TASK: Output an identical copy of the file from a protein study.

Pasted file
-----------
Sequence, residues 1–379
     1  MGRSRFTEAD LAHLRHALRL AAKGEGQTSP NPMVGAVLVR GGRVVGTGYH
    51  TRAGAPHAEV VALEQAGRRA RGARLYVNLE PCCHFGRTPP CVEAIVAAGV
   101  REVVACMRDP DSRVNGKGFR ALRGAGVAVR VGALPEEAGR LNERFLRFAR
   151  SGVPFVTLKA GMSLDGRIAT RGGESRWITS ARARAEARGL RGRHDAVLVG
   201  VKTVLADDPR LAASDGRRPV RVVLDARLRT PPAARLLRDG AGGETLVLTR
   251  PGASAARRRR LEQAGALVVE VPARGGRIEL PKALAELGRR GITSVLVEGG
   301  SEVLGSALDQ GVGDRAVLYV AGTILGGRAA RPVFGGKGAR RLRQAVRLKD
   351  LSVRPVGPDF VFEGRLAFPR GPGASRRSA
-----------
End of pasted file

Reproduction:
Sequence, residues 1–379
     1  MGRSRFTEAD LAHLRHALRL AAKGEGQTSP NPMVGAVLVR GGRVVGTGYH
    51  TRAGAPHAEV VALEQAGRRA RGARLYVNLE PCCHFGRTPP CVEAIVAAGV
   101  REVVACMRDP DSRVNGKGFR ALRGAGVAVR VGALPEEAGR LNERFLRFAR
   151  SGVPFVTLKA GMSLDGRIAT RGGESRWITS ARARAEARGL RGRHDAVLVG
   201  VKTVLADDPR LAASDGRRPV RVVLDARLRT PPAARLLRDG AGGETLVLTR
   251  PGASAARRRR LEQAGALVVE VPARGGRIEL PKALAELGRR GITSVLVEGG
   301  SEVLGSALDQ GVGDRAVLYV AGTILGGRAA RPVFGGKGAR RLRQAVRLKD
   351  LSVRPVGPDF VFEGRLAFPR GPGASRRSA